This past year has been filled with both positive and negative news regarding ongoing reforms in the Ukrainian economy. Ukraine entered into a historic free trade agreement with the European Union that went into effect on January 1, 2016, which was met with the predictable implementation of retaliatory tariffs on Ukrainian goods by Russia.
Additionally, and in spite of raucous parliamentary sessions and infighting among the parties, the Rada (Ukraine’s legislature) has adopted various pieces of pro-reform legislation, some of which were proposed by CIPE’s partners under a recently completed USAID-funded program Supporting Urgent Reforms to Better Ukraine’s Business Environment (SURE).
The support of USAID allowed CIPE and partners to build a sustainable institutional framework for business associations representing SMEs to have direct input into legislation that effects SME operations specifically, and to improve the environment for doing business in Ukraine more broadly.
Even as Ukraine’s Ministry of Economy and Trade went through three internal restructuring processes and leadership was facing significant challenges to implement reform, officials at the Ministry maintained an active interest in SURE activities and continue to request additional support. Experts engaged during the program, working closely a group of civil society leaders and experts with the goal to facilitate the implementation of reforms, have advised the government on prioritizing SME reform, reducing complex legislation and inefficient, costly state services, and improving the regulatory framework.
Specifically, at the national level SURE was able to provide recommendations on 86 pieces of legislation being considered for amendment by the Rada and individual MPs by leveraging CIPE’s Ukrainian and international partner network to draft business-related legislation ranging from taxation to licensing and access to credit. SURE supported Ukraine’s Ministry of Economy and Trade by assisting in the development of 13 new draft laws to improve the business environment for SMEs with the cooperation culminated in a joint efforts by SURE and MEDT experts developing the Concept of the State Program for SME Development 2020.
Working with other civil society leaders, they provided input on a number of new tax reform laws. One of these, for example, would do away with an intrusive and expensive requirement that even the smallest of businesses, including individual entrepreneurs, would need to pay to install and maintain costly electronic cash registers.
SURE also cooperated closely with the Ministry of Justice and Prosecutor General’s office on the development of anti-corruption measures and, at the request of the Presidential Administration, CIPE conducted integrity training sessions for civil servants and held anti-corruption compliance training sessions for state-owned enterprises.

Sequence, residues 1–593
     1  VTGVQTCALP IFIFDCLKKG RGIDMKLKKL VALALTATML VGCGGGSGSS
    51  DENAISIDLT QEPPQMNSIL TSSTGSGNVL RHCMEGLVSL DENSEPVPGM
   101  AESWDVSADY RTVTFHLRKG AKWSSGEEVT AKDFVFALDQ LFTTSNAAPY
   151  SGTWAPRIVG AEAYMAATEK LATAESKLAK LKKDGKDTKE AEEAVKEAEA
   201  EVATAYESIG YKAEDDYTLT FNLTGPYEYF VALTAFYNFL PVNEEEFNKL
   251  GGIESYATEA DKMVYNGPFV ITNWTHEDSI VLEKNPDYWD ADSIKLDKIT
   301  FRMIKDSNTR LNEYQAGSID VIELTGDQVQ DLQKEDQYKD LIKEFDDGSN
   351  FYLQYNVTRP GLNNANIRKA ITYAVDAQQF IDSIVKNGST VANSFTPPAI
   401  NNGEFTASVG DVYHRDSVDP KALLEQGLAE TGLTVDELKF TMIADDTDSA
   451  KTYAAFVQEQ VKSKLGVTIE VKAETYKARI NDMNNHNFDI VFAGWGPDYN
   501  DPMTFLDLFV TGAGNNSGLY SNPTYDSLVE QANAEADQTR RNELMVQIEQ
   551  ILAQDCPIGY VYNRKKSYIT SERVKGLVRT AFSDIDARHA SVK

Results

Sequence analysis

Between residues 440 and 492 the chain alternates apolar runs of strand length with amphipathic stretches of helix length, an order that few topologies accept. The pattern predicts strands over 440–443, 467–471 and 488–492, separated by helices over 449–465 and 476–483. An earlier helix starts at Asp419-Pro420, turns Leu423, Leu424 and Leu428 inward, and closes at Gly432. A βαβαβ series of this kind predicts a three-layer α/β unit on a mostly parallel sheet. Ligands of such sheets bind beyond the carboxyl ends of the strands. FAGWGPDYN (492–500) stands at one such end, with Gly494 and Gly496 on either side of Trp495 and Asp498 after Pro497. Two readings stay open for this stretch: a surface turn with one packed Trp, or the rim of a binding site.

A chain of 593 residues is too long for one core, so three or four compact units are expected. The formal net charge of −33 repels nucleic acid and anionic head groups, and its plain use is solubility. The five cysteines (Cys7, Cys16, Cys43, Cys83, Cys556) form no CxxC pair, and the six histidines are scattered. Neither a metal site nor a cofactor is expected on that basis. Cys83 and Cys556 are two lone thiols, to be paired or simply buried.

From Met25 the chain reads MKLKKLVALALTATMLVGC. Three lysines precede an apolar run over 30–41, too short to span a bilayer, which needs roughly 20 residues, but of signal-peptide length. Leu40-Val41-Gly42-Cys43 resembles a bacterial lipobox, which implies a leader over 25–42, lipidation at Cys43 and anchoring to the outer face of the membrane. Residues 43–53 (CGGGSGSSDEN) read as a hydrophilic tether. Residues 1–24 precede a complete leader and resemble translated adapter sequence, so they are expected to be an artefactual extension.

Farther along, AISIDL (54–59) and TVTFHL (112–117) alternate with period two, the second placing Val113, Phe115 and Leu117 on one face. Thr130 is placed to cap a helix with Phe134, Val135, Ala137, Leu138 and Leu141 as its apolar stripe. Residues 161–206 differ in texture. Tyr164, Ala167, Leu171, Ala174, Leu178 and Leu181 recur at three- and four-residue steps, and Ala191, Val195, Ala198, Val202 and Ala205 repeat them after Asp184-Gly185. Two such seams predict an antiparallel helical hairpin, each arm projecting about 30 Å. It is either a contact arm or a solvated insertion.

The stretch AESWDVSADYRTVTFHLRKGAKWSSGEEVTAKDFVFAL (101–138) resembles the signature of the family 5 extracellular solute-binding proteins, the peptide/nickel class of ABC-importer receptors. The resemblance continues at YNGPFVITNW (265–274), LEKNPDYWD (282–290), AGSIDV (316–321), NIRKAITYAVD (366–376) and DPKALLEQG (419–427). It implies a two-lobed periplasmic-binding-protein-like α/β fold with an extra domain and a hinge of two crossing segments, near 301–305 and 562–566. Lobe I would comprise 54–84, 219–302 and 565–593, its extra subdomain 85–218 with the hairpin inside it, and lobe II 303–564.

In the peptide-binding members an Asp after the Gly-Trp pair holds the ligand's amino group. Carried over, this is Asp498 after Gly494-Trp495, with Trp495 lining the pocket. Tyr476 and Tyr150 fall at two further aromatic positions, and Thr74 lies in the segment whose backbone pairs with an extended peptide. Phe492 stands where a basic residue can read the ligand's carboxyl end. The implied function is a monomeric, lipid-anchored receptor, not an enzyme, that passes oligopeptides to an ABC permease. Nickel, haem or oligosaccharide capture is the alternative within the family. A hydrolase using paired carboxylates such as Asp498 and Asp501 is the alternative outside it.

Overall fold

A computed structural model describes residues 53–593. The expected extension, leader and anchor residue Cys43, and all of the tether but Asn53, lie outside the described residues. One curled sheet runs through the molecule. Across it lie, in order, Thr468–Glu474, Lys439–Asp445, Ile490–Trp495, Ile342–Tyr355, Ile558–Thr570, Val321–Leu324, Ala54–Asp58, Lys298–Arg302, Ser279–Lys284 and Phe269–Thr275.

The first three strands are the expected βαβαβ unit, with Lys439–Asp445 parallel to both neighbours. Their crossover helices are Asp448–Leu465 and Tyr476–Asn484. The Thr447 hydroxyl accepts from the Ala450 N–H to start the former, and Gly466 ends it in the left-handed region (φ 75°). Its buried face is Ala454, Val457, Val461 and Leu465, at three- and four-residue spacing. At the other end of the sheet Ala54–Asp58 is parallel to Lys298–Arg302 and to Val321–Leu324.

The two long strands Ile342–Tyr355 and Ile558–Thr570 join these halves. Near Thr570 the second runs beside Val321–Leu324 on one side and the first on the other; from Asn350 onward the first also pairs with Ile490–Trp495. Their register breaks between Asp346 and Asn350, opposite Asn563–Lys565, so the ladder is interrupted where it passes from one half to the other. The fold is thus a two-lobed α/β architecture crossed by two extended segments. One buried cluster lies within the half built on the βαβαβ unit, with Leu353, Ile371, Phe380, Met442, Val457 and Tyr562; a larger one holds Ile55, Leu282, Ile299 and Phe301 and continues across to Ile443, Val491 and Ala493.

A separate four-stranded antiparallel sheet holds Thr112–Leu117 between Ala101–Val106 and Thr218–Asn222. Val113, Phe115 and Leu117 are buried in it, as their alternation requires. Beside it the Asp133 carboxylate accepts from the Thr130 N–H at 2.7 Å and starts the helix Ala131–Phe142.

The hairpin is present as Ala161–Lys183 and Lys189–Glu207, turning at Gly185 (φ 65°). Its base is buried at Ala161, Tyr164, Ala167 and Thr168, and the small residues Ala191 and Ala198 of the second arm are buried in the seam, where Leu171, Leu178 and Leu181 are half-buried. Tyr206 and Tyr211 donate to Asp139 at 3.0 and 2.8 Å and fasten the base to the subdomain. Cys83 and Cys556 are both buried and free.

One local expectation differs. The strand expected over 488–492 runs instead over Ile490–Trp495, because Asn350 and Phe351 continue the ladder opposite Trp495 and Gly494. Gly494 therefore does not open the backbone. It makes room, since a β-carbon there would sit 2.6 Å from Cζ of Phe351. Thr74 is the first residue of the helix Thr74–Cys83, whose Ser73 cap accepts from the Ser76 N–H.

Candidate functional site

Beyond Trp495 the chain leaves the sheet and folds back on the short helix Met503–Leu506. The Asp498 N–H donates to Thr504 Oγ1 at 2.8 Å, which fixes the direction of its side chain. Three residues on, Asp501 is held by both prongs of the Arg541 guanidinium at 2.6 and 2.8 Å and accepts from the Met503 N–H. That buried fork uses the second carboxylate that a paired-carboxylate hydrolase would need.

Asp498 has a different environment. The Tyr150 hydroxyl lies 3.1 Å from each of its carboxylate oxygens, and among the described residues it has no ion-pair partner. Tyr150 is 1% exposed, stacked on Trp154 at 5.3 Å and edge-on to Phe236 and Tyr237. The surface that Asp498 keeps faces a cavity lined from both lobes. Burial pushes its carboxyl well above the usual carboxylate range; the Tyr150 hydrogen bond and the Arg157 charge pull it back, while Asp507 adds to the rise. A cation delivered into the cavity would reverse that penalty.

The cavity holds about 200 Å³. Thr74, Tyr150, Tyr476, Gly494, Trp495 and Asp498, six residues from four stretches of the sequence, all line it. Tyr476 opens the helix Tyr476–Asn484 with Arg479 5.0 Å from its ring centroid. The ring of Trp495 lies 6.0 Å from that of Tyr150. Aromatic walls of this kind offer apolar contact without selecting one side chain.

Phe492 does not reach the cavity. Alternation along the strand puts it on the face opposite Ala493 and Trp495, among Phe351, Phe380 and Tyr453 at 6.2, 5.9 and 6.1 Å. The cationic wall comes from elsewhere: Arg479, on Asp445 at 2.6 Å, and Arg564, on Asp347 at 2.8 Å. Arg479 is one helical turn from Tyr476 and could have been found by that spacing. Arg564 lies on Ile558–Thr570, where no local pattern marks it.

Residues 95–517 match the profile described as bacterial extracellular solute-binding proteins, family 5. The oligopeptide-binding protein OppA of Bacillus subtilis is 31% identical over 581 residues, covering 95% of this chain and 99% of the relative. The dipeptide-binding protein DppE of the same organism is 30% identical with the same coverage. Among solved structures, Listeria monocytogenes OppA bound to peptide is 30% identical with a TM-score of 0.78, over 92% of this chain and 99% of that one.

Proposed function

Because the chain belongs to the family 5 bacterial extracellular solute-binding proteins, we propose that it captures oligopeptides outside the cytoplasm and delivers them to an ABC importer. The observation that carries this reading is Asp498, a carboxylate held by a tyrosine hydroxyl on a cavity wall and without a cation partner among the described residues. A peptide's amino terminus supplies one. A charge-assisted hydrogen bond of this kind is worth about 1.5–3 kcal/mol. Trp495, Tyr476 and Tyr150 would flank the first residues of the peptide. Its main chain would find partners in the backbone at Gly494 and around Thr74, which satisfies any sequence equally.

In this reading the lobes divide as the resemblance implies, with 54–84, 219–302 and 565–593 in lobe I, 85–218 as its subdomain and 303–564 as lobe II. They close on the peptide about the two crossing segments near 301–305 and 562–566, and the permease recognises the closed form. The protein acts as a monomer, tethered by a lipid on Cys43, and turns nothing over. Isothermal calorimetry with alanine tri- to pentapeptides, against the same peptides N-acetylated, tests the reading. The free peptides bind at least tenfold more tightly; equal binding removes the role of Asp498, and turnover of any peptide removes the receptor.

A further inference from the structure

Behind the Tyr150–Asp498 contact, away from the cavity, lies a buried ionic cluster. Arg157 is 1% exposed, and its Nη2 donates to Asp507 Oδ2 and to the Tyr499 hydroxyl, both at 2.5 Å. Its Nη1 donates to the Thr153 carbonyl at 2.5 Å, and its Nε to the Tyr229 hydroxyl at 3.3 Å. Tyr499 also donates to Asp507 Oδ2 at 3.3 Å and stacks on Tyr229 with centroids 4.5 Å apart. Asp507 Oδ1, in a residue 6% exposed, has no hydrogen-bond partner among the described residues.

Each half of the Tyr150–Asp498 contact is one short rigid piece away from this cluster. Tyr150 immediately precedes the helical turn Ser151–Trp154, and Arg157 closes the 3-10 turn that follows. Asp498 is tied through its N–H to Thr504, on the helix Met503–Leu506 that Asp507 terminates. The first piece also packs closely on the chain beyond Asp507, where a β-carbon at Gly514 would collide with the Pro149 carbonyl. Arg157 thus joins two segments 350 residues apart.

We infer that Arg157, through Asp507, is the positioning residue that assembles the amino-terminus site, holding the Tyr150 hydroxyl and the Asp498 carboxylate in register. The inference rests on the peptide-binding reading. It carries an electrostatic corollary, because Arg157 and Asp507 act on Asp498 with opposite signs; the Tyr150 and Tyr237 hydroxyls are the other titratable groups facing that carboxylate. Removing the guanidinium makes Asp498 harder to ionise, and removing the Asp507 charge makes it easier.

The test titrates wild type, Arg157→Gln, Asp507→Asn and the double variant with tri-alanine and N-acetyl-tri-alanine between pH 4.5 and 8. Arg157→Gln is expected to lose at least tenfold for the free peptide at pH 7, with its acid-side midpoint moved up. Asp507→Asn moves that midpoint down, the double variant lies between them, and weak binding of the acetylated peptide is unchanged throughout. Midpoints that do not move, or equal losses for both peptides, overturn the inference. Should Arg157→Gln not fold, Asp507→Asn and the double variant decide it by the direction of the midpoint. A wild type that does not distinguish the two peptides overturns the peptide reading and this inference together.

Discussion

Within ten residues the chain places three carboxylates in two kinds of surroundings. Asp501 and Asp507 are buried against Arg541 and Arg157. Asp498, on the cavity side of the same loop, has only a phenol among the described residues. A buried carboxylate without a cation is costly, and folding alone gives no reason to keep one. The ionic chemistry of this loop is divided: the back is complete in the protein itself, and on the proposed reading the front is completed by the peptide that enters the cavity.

Finally, SURE strengthened the National Business Platform, a coalition of chambers, associations, and experts across the county representing SME interests in order to build capacity and links among the Ukrainian business community, think tanks, and other civil society groups.
As a result of SURE’s efforts, CIPE gathered ample evidence of broad support from the SME community to get its voice heard in the parliamentary process. CIPE also found that Ukrainian MPs are receptive, and in some cases eager, to receive greater private sector contributions to the legislative debate. CIPE received multiple requests from government agencies for additional support of pro-SME reforms and anti-corruption initiatives based on the legislative analysis approach.
Importantly, SURE focused on expanding the pool of anti-corruption expertise outside of Kyiv by conducting training sessions on how to apply anticorruption analysis methodology to local regulations in three cities of Ukraine (Kharkiv, Odesa, and Cherkasy). SURE also conducted anticorruption analysis of local regulations in three regions, Sumy, Ivano-Frankivsk, and Vinnytsia, which were followed by advocacy campaigns that achieved the abolition or amendment of certain local regulations and in the case of Sumy, the establishment of working group to advise the Mayor. The abolition or amendment of these regulations will allow small and medium sized enterprises in these three cities to operate more freely and has led to better dialogue between local government and small business community in those cities.
MPs and business community representatives continue to express a strong interest in further developing and institutionalizing the channels of communication between small business and government. CIPE Ukraine will continue its work as economic reform progress, helping the SME community to provide input into legislative process and hold the government accountable for the quality of implementation and enforcement of the new laws.
Through ongoing efforts CIPE is assisting Ukraine in solidifying a sustainable culture of independent input from the private sector into policy reform and discussion that will be crucial for the country’s democratic consolidation.
Eric Hontz is a Program Officer for Eurasia at CIPE.